Cars with cheap road tax 2024

Some motoring costs are unavoidable. Fuel, insurance and depreciation are just three of the things you'll need to consider when buying a car. Fortunately, car tax – officially Vehicle Excise Duty (VED) – is something you can manage.

Indeed, you could end up paying as little as £20 or £35 a year for a used car with low CO2 emissions. That's because cars registered between 1 March 2001 and 31 March 2017 followed a different tax regime, which incentivised low-CO2 vehicles. Cars in band B (101-110g/km) cost £20 a year, while those in band C (111g/km-120g/km) cost £35. It gets better, because it costs nothing to tax anything in band A (up to 100g/km).

Since April 2017, only electric cars are exempt from tax, but everything will change in 2025 when even EVs will pay the lowest first year rate of VED.

Here, we've selected 10 of the cheapest cars to tax. Some are old, others are new, with a choice of petrol, diesel and electric options.

 Cheapest cars to tax



Volkswagen Up

The Volkswagen Up is a popular money-saving motor, and a great one at that. The three- or five-door city car benefits from trademark Volkswagen build quality, so it feels solid, plus it's good to drive and quite refined for such a cheap car. It’s reliable and robust, and becoming increasingly good value as a used car. The 1.0-litre petrol engine is also extremely fuel-efficient, which means CO2 emissions are low. Some pre-April 2017 models fall into road tax band A, so owners don’t have to pay anything. Others are band B, and will cost £20 a year. Even the sporty Up GTI is one of the cheapest cars to tax, despite its enthusiastic performance.

Read our full Volkswagen Up review

Citroen C1

The Citroen C1 is a popular, very affordable city car that was sold across two generations. All models feature an economical 1.0-litre petrol engine, and are among the cheapest cars to tax. Most C1s fall into road tax band A, so tax is free. A few other variants are tax band B, costing £20 a year. The C1 is really fun to drive, with nimble handling and a lively engine. It’s also a great choice for new drivers, with excellent visibility and light controls. Being so short, it’s simple to park in town, while the small boot is easily expanded by folding down the rear seats.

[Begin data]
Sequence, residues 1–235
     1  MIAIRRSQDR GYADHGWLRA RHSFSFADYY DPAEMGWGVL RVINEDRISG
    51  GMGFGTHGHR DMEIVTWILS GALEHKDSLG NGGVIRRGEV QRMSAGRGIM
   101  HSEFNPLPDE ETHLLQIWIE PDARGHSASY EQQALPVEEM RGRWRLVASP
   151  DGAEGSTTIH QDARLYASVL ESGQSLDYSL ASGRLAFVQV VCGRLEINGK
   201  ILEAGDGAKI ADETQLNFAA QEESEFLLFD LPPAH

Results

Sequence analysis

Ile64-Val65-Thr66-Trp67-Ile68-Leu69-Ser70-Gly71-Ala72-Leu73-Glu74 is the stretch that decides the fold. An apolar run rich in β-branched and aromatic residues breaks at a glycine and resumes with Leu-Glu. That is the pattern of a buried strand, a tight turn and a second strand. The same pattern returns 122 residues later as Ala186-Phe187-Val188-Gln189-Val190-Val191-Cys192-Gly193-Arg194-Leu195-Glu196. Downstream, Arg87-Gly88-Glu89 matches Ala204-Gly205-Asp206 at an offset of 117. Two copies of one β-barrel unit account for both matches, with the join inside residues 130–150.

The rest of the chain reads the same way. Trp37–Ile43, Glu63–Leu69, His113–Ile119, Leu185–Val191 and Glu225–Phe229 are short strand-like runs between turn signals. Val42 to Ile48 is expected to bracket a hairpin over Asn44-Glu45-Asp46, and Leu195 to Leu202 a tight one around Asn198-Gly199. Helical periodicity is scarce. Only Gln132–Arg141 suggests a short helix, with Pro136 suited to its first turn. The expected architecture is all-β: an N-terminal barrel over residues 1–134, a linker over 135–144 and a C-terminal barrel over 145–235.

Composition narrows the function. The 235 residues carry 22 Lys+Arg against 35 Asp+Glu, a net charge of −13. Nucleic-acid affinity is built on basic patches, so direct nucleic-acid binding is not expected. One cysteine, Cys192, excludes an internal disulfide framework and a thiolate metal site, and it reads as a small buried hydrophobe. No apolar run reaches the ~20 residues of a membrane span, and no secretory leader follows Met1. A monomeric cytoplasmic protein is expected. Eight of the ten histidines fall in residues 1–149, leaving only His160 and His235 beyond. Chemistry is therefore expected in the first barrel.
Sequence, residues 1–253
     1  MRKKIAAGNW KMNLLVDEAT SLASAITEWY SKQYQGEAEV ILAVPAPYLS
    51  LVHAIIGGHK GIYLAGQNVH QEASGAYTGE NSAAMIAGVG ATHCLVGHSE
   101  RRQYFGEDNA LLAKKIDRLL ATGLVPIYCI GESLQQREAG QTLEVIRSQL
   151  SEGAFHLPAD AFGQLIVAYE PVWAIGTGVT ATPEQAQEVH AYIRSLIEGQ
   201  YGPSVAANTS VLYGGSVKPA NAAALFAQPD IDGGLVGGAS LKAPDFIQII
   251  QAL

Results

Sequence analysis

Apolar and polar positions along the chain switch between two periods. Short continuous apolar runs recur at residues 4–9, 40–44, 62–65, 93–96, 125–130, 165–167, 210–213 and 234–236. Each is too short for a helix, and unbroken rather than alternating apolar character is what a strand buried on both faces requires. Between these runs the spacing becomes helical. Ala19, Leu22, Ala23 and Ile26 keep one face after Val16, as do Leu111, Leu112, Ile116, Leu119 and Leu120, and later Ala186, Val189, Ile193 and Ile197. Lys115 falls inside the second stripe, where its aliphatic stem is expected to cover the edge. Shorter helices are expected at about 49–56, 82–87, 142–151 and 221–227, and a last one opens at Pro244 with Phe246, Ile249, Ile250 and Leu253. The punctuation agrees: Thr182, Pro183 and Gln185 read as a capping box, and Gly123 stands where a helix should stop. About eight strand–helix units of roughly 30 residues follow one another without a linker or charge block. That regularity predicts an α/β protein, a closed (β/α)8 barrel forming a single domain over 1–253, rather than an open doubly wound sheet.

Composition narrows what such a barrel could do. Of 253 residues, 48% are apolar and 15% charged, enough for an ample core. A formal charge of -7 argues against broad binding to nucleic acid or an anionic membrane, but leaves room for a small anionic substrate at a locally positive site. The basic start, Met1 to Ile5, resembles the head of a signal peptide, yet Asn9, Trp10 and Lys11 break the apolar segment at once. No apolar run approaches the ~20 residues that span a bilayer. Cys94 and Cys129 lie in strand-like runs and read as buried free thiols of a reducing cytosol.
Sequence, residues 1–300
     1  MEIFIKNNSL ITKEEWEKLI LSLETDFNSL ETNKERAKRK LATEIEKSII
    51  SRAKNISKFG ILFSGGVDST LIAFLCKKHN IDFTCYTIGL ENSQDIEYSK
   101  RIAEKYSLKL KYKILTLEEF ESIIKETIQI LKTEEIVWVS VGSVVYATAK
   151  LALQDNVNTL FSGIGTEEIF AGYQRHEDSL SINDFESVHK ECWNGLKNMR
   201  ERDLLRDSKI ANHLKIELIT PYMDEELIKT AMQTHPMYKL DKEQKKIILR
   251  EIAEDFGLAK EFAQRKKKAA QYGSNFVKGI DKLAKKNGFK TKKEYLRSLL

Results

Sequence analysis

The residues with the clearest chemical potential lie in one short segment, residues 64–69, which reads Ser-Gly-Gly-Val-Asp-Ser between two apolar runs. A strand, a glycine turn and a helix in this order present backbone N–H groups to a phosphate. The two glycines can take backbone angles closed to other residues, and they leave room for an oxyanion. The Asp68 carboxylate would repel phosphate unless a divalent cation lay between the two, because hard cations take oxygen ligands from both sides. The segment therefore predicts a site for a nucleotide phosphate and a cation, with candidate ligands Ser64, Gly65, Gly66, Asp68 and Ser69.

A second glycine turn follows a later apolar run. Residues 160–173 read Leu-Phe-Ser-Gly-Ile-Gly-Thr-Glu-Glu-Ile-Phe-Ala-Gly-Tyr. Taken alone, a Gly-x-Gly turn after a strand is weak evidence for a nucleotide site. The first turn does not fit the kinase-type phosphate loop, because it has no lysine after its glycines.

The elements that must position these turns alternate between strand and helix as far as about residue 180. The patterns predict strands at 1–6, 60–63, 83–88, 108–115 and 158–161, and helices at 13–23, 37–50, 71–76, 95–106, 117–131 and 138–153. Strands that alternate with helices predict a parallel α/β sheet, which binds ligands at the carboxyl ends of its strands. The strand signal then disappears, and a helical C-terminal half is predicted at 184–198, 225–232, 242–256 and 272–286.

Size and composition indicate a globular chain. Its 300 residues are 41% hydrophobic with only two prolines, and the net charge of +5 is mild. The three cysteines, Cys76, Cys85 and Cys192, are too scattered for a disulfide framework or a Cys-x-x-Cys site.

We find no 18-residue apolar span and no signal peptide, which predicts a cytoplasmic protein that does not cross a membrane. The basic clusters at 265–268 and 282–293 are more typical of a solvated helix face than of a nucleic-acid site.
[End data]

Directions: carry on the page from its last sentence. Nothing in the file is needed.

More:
Read our full Citroen C1 (2014-2022) review

Ford Fiesta

The venerable Ford Fiesta is Britain’s most popular new and used car. Thanks to Ford’s ingenious 1.0-litre Ecoboost turbo petrol engine, there are numerous versions that either enjoy free road tax, or are among the cheapest cars to tax. Ford offered the punchy Ecoboost motor in several different power outputs, but none should cost more than £30 a year to tax. Diesel versions of the Fiesta also emitted low levels of CO2, with low tax bills to suit. The Ford’s popularity means there are huge numbers on the used market, so it’s easy to find the perfect spec for you. 

Read our full Ford Fiesta (2013-2017) review

Nissan Ariya

Nissan was one of the mass-market pioneers of battery-powered cars, thanks to the Nissan Leaf, which launched back in 2011. Today, the Ariya takes the qualities of the very popular petrol/diesel-powered Qashqai family SUV and melds them with the latest electrical know-how. The result is a stylish car with a fantastic interior and a battery range of up to 329 miles, according to official figures. All-in-all, the Ariya is a worthy continuation of Nissan’s electric expertise, and one of the best electric SUVs on sale today.

Read our full Nissan Ariya review

Toyota Yaris Hybrid

The old Yaris Hybrid is a very clever car. It uses a downsized version of the 'self-charging’ hybrid engine from the famous Toyota Prius, which allows it to operate as a pure electric car at slower speeds. This means CO2 emissions are extremely low, so it easily falls into the lowest band A tax rating, meaning free annual road tax. The Yaris is super-reliable too, and the standard automatic transmission makes it easy to drive. It does cost more than regular, non-hybrid Yaris to buy, but if your budget doesn’t quite stretch to it, the fact other versions are still among the cheapest cars to tax is reassuring.

Read our full Toyota Yaris (2011-2020) review

Renault Clio

The previous Renault Clio was a strong-selling five-door supermini with a number of ultra-efficient engine options. The 1.5-litre dCi diesel versions are cheap to tax, but so too is the TCe 90 Eco turbocharged three-cylinder petrol. This has the added advantage of punchy performance, plus a super-smooth and refined nature. The Clio is a spacious and well-equipped car, and its bold styling is ageing really well. Even the earliest models from this generation still look smart and modern. The Renault also scored well in Euro NCAP crash tests, making it one of the safest small cars of this era.